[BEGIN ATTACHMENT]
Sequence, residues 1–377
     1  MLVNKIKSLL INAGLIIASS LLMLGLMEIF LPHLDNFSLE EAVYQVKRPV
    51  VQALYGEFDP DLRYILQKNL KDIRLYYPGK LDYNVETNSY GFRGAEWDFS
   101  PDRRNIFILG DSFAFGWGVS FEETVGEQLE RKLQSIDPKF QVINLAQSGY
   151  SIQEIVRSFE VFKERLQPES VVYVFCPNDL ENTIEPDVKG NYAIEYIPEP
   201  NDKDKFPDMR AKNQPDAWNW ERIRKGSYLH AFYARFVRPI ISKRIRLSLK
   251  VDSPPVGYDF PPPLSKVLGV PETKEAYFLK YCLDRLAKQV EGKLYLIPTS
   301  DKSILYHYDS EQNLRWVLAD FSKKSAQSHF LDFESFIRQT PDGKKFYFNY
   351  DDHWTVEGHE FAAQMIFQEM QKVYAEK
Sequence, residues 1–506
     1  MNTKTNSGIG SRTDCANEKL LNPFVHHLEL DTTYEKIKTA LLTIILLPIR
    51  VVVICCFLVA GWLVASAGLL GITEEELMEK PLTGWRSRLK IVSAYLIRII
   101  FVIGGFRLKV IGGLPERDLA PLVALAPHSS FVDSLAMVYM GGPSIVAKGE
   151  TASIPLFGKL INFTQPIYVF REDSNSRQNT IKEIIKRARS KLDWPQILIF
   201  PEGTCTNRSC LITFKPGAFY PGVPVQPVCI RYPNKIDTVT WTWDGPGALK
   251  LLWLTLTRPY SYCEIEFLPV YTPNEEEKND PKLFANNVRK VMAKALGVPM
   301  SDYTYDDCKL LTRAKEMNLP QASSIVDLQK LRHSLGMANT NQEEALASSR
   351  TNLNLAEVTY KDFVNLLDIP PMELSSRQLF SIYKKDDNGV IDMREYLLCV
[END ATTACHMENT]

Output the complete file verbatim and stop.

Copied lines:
Sequence, residues 1–377
     1  MLVNKIKSLL INAGLIIASS LLMLGLMEIF LPHLDNFSLE EAVYQVKRPV
    51  VQALYGEFDP DLRYILQKNL KDIRLYYPGK LDYNVETNSY GFRGAEWDFS
   101  PDRRNIFILG DSFAFGWGVS FEETVGEQLE RKLQSIDPKF QVINLAQSGY
   151  SIQEIVRSFE VFKERLQPES VVYVFCPNDL ENTIEPDVKG NYAIEYIPEP
   201  NDKDKFPDMR AKNQPDAWNW ERIRKGSYLH AFYARFVRPI ISKRIRLSLK
   251  VDSPPVGYDF PPPLSKVLGV PETKEAYFLK YCLDRLAKQV EGKLYLIPTS
   301  DKSILYHYDS EQNLRWVLAD FSKKSAQSHF LDFESFIRQT PDGKKFYFNY
   351  DDHWTVEGHE FAAQMIFQEM QKVYAEK
Sequence, residues 1–506
     1  MNTKTNSGIG SRTDCANEKL LNPFVHHLEL DTTYEKIKTA LLTIILLPIR
    51  VVVICCFLVA GWLVASAGLL GITEEELMEK PLTGWRSRLK IVSAYLIRII
   101  FVIGGFRLKV IGGLPERDLA PLVALAPHSS FVDSLAMVYM GGPSIVAKGE
   151  TASIPLFGKL INFTQPIYVF REDSNSRQNT IKEIIKRARS KLDWPQILIF
   201  PEGTCTNRSC LITFKPGAFY PGVPVQPVCI RYPNKIDTVT WTWDGPGALK
   251  LLWLTLTRPY SYCEIEFLPV YTPNEEEKND PKLFANNVRK VMAKALGVPM
   301  SDYTYDDCKL LTRAKEMNLP QASSIVDLQK LRHSLGMANT NQEEALASSR
   351  TNLNLAEVTY KDFVNLLDIP PMELSSRQLF SIYKKDDNGV IDMREYLLCV